# specified to your authentication service
TrustedGroups NZWireless

# Set this to any users who should have unrestricted access to your
# LAN from the wireless network

# Set to the IP or DNS address of your authentication service

# The following URLs shouldn't need to be altered
AuthServiceURL https://$AuthServiceAddr/cgi-bin/login
LogoutURL https://$AuthServiceAddr/logout.html

# Uncomment the following line _only_ if NoCat fails to determine
# your LAN interface by itself
# ExternalDevice eth0

# Your wireless interface. NoCat seems to need this one uncommented
InternalDevice wlan0

# Set to the IP and mask of your wireless local network

# Set to your DNS server address as given to wireless clients via
# DHCP. Set to the WLAN0 IP address if you're running DNS on your
# Access Point

# Allow traffic from the wireless network to pass through your LAN
# to the Internet to contact the following sites

# Comment the following line out if you are running NAT
RouteOnly 1

# Comment out the following line to allow public access
MembersOnly 1

# Use one of the following. Ports that should/shouldn't be available
# to wireless clients.

IncludePorts 80 443
# ExcludePorts 22 25

Note that it is possible to make NoCatAuth more restrictive and tailor it to our own requirments by adding your own firewall rules to the bottom of the file /usr/local/nocat/gateway/bin/initialize.fw

9.5 Bandwidth Throttling (Traffic Shaping)

NoCatAuth has a facility for limiting the use of your upstream internet connection by wireless clients, using the tc tool which is part of the iproute2 package. IPROUTE2 is included in the default Redhat 9.0 installation. You will need to obtain it if you intend to use the bandwidth throttling functionality of NoCatAuth.

As mentioned in the NoCatAuth documentation, support for tc in NoCatAuth is experimental, so there are no guarantees. For more information review the documentation that comes with the NoCatAuth package.

9.5.1 Configuring throttling

We can set traffic limits for the various classes of NoCat users (Owner, Member, Public) by editing the values at the top of the file /usr/local/nocat/gateway/bin/throttle.fw as in the following example. Note that this example is only a snippet from the top of the file and that the rest of the file is not presented here. Note also that comments are lines that begin with a "#".

# Set these to the total capacity of your Internet connection

# Set these limits for your own use
OWNER_DOWN=1mbit          # fw mark 1

# Set these to the amount of your bandwidth you are willing to share
# with authenticated members of your community group
COOP_DOWN=128kbit          # fw mark 2

# Set these to the amount of bandwith you are willing to share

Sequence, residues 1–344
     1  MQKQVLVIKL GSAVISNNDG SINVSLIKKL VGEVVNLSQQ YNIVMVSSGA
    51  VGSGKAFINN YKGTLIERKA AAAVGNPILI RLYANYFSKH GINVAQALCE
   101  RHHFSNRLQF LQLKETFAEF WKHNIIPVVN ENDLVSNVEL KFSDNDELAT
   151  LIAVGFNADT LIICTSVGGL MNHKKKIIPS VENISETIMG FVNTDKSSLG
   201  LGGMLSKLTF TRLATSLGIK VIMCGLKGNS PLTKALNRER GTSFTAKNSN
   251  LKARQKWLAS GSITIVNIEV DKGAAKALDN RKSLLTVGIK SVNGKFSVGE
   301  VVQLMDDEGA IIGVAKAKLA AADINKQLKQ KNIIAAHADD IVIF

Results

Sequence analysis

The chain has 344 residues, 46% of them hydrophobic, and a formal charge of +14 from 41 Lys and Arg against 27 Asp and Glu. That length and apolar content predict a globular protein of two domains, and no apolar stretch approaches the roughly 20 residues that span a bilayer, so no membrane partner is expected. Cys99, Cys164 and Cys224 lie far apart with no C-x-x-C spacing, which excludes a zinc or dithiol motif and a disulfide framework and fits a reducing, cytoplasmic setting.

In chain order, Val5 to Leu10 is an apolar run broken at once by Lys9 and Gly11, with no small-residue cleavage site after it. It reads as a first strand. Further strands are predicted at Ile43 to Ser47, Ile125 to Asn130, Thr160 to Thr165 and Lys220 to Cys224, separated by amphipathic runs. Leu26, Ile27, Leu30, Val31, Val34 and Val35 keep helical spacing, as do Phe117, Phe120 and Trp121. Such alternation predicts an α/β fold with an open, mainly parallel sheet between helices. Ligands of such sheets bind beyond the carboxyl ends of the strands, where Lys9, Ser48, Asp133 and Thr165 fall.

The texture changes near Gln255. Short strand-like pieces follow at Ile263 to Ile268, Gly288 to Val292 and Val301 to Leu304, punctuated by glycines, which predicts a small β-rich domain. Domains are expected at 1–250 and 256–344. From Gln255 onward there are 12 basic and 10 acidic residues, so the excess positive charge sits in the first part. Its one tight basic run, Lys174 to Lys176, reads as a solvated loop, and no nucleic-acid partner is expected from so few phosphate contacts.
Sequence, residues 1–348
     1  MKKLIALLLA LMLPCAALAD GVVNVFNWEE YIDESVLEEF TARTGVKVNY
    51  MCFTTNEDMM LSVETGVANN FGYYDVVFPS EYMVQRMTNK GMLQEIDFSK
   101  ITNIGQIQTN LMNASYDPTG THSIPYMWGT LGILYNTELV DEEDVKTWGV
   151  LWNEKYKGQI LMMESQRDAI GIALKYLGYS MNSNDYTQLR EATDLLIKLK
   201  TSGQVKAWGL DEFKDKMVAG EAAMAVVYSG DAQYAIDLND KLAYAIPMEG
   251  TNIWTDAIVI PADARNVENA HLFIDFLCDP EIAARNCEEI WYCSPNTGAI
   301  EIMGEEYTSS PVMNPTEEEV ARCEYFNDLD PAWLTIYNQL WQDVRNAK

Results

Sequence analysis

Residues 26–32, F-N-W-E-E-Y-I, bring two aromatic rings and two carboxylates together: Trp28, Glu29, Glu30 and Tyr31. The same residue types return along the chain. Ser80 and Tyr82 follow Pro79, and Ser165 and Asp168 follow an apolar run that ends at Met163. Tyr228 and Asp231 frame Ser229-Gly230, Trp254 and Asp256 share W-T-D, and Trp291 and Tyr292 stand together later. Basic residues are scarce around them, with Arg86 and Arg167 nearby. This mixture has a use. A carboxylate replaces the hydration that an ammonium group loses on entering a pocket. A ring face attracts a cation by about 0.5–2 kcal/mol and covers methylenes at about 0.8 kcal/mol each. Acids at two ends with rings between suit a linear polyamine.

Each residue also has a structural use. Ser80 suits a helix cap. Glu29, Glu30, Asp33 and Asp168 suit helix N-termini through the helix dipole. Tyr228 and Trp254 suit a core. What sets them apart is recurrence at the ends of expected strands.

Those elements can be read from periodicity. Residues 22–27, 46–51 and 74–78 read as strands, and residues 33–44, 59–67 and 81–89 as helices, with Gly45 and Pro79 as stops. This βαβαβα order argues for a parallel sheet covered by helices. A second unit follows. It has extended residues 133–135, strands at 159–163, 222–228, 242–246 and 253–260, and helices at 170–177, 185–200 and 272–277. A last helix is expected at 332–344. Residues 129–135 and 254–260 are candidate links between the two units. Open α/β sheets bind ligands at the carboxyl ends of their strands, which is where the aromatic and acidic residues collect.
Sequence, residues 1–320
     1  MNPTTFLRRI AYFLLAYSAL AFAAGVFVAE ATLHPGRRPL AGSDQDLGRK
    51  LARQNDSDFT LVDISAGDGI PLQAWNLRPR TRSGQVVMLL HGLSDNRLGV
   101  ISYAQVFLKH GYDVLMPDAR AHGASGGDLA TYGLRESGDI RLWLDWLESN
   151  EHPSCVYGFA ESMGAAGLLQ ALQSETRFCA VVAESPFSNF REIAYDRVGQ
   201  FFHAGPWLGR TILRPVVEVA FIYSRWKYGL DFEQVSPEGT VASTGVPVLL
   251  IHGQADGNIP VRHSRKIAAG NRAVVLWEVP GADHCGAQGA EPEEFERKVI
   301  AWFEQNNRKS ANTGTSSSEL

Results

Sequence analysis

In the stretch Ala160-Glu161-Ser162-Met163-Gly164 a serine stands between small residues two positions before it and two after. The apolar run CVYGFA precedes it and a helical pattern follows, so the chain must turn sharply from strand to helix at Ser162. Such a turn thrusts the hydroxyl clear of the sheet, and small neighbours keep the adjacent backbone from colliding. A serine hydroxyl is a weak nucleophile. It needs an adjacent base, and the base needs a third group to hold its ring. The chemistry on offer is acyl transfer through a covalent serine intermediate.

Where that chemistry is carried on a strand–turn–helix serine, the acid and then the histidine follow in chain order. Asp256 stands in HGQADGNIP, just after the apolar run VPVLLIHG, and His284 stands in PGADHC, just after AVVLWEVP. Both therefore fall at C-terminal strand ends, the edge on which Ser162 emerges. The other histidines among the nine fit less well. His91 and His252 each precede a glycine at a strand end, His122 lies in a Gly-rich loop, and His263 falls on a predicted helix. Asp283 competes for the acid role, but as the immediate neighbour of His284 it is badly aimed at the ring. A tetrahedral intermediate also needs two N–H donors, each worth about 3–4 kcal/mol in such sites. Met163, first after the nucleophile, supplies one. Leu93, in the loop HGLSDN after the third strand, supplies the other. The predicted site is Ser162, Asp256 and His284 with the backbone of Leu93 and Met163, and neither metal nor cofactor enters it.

# with unauthenticated public users
PUBLIC_DOWN=0kbit          # fw mark 3

The values in the above example provide unlimited upstream bandwidth to users in the Owner class, 10% of available bandwidth to users in the Member class and no bandwidth for users in the Public class. Alter these values to reflect your altruism.

9.5.2 Enabling throttling

Bandwidth throttling support in NoCatAuth is enabled with the following command;

[root@accesspoint gateway]# chmod +x /usr/local/nocat/gateway/bin/throttle.fw

This command makes throttle.fw executable so that NoCatAuth can enable traffic shaping when it starts.

9.6 Testing NoCatAuth Gateway

If NoCatAuth is operating nominally, local wireless clients should be unable to use network resources, excepting those websites excluded from blocking in the configuration file. Local wireless clients that attempt to load any other web site should be presented with a login screen to the NoCatAuth Authentication server that we chose in the configuration file. Wireless clients that successfully authenticate should be able to use those network resources which we have allocated.

The best way to test that NoCat is working is to attempt the end-to-end connection process from a wireless client. If for some reason it fails, look in the log file /usr/local/nocat/gateway/nocat.log for clues as to what may have gone wrong.

It's also worthwhile ensuring that our network resource allocations are being enforced. I recommend using the NMAP portscanner from authenticated and unauthenticated clients, pointing at your Access Point and at machines on your LAN, to ensure that access is only granted following the parameters you have laid down.

9.7 Enabling NoCatAuth from startup

NoCatAuth includes a suitable startup script in the etc directory of the install directory. In order to enable NoCatAuth from startup, it needs to be copied into /etc/rc.d/init.d and symlinked to runlevel 3 like so;

[root@accesspoint NoCatAuth-0.82]# cp etc/nocat.rc /etc/rc.d/init.d
[root@accesspoint NoCatAuth-0.82]# ln -s /etc/rc.d/init.d/nocat.rc /etc/rc3.d/S99nocat

As we changed the default NoCatAuth directory in above in section 9.3.2, we need to edit the file /etc/rc.d/init.d/nocat.rc to tell it where to find the gateway binaries. Find the line which reads NC=/usr/local/nocat at the top of the file and change it to read NC=/usr/local/nocat/gateway

NoCatAuth should now start when the system boots.